Innovyze
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May 18, 2021updated 28 Jan 2022 11:21am

How AI is transforming the water industry

The increasing integration of artificial intelligence (AI) to support company operations is trending across all kinds of sectors, from government agencies to the medical field. Vice president of AI at Innovyze, Thouheed Gaffoor, observes that key market indicators, including acquisitions and early-stage investments, are showing high levels of activity in the AI space by big data companies and beyond, despite the pandemic. Meanwhile, statistics from PEGA show that 67% of companies are already using AI to support decision-making.

The water industry is no exception. There is a “strong value proposition” for AI deployment in this sector, affirms James Legue, director of AI products at Innovyze.

Value proposition

“There are two real domains where AI helps water,” explains Gaffoor. “One being operations and the other asset management.”  The integration of AI into operations can optimise both predictive control and preventative management. “Predictive control is all about how we can operate our infrastructure or processes more intelligently,” Gaffoor adds. “Preventative management is more about how to anticipate potential issues and respond to them as proactively as possible.”

Legue emphasises that facilities operators make many operational decisions on an hourly basis. The quality of these decisions is subject to human factors, and it becomes more difficult when the decision-maker is faced with challenges like extreme weather events or outdated infrastructure. Integrated AI takes the pressure off the individual making decisions. An AI system can receive vast amounts of data from relevant sources – like weather forecasts or energy tariffs, for example – and makes decisions based on all the data it processes.

Balancing savings with compliance

“Emagin is an AI platform designed to help water, waste-water and industrial facilities make better operational decisions in real time,” says Gaffoor. Real-time data within the system and its environment flow into the model, which makes recommendations on how the system can be optimised.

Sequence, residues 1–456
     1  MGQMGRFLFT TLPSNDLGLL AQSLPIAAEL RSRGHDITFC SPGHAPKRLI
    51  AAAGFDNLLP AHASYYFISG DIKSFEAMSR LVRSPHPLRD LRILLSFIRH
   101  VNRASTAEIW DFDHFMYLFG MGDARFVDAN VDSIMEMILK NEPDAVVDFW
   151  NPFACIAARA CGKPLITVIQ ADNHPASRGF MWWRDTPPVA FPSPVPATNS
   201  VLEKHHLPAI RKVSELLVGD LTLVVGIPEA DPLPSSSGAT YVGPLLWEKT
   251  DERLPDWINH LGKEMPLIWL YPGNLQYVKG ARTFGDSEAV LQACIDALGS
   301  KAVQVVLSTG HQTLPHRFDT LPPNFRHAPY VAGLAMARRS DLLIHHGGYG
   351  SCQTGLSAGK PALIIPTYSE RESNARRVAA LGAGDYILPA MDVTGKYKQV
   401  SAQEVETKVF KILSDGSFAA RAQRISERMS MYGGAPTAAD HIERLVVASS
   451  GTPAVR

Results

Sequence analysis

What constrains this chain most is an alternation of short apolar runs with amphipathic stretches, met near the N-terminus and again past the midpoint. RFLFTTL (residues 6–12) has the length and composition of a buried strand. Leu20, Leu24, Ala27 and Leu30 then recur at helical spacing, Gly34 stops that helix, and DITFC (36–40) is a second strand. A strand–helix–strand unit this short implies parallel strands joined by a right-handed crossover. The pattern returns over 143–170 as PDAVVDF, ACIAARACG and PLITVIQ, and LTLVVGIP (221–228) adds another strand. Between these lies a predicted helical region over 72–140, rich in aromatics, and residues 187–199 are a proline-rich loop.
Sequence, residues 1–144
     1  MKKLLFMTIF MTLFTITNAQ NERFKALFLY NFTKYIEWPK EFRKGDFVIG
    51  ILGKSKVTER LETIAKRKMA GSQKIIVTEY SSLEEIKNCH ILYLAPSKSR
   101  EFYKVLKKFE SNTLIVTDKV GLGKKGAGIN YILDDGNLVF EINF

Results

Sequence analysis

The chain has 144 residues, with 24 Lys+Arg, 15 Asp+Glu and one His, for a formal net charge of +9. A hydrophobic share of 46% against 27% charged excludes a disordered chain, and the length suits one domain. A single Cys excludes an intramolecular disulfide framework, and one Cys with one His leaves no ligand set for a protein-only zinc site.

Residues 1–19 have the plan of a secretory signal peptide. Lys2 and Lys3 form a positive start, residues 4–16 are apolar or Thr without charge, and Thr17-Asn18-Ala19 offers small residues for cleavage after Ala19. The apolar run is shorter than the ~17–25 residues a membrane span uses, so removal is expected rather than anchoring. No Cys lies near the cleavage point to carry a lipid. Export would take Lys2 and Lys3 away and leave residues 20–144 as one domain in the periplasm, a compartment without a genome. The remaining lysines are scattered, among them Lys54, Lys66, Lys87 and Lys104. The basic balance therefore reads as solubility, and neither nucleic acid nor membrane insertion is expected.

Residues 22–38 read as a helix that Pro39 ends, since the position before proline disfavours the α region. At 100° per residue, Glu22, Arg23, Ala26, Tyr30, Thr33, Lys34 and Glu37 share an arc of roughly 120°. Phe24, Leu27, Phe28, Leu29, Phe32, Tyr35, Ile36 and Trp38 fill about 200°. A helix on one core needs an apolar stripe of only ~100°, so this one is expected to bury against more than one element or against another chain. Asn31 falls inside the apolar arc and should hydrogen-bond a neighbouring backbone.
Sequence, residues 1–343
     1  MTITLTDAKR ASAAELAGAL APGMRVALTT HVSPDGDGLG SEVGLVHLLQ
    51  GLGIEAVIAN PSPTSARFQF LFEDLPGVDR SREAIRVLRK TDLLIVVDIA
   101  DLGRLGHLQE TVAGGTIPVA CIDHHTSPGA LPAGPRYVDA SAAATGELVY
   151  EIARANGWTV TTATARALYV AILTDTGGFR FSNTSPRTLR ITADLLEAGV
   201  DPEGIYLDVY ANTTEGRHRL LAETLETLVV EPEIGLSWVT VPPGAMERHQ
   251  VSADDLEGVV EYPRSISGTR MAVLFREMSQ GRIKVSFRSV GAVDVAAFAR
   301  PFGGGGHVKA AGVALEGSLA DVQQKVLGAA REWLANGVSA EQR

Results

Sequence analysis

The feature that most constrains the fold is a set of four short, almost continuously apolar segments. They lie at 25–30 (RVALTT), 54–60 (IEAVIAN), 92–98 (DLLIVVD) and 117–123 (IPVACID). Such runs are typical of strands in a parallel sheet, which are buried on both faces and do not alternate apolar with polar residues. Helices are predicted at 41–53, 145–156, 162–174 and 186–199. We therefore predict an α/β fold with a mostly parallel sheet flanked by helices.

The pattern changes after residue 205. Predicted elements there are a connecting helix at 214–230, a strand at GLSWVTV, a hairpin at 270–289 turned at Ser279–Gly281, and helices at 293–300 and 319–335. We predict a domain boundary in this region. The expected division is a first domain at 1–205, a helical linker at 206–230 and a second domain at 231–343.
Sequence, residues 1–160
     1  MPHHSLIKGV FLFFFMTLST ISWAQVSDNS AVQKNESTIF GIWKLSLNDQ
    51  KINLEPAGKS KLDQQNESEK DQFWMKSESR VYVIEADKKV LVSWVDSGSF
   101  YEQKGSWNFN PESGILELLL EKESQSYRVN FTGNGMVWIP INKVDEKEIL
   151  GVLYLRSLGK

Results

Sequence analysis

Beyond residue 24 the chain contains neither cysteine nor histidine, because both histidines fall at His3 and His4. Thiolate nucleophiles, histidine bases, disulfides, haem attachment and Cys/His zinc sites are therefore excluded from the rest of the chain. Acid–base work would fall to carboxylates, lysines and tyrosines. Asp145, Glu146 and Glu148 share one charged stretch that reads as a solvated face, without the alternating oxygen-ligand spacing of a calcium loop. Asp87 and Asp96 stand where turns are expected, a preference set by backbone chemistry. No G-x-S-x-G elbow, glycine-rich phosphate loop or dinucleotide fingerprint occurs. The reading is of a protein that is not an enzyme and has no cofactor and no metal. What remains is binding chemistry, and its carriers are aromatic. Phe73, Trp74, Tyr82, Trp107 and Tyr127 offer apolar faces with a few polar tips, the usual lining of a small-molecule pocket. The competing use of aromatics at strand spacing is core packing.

Two key objectives of the Emagin operating model are to help customers make savings in terms of their energy and chemical consumption, while maintaining compliance. For the manager of a wastewater treatment plant, increasingly strict regulation, combined with evolving environmental conditions, makes it difficult to optimise operations while maintaining compliance. For example, out of fear of being fined by the regulator, the plant may overuse chemicals and energy to maintain effluent quality. “They may not have the right data to understand the right chemical dosage to meet compliance,” explains Legue. Emagin can recommend the optimal chemical dosage based on an incoming load and external and system conditions, while controlling effluent quality for compliance. This has huge value for operations including water treatment, mining, paper and pulp and beverage production.

The value translates directly into savings. Through energy savings, chemical savings and downtime reductions, “we can guarantee six-month payback year over year,” says Legue.

For water companies hoping to deploy an AI system, “it all starts with understanding your level of readiness,” says Gaffoor. To bring AI into a plant, Innovyze looks at the existing instruments and data infrastructure. It later walks customers through the installation process, and “ensures that the AI project goes into production and starts generating real value through cost savings,” Gaffoor explains.

Two future trends

Looking ahead, Gaffoor identifies two major trends in AI deployment. The first concerns machine learning (ML) operations. “Many AI companies have been positioning themselves to provide more production-ready ML technologies, making sure you have a life cycle that can build trade models faster and get them to production,” he explains. This avoids AI solutions getting stuck at the R&D stage.

Secondly, there is increasing demand for explainable AI (XAI), where there is clear traceability of the system’s decision-making process, from input to output. “If you take both of these concepts and think about how they work together in industrial settings, that’s a really powerful tool to bring to the market,” adds Gaffoor.

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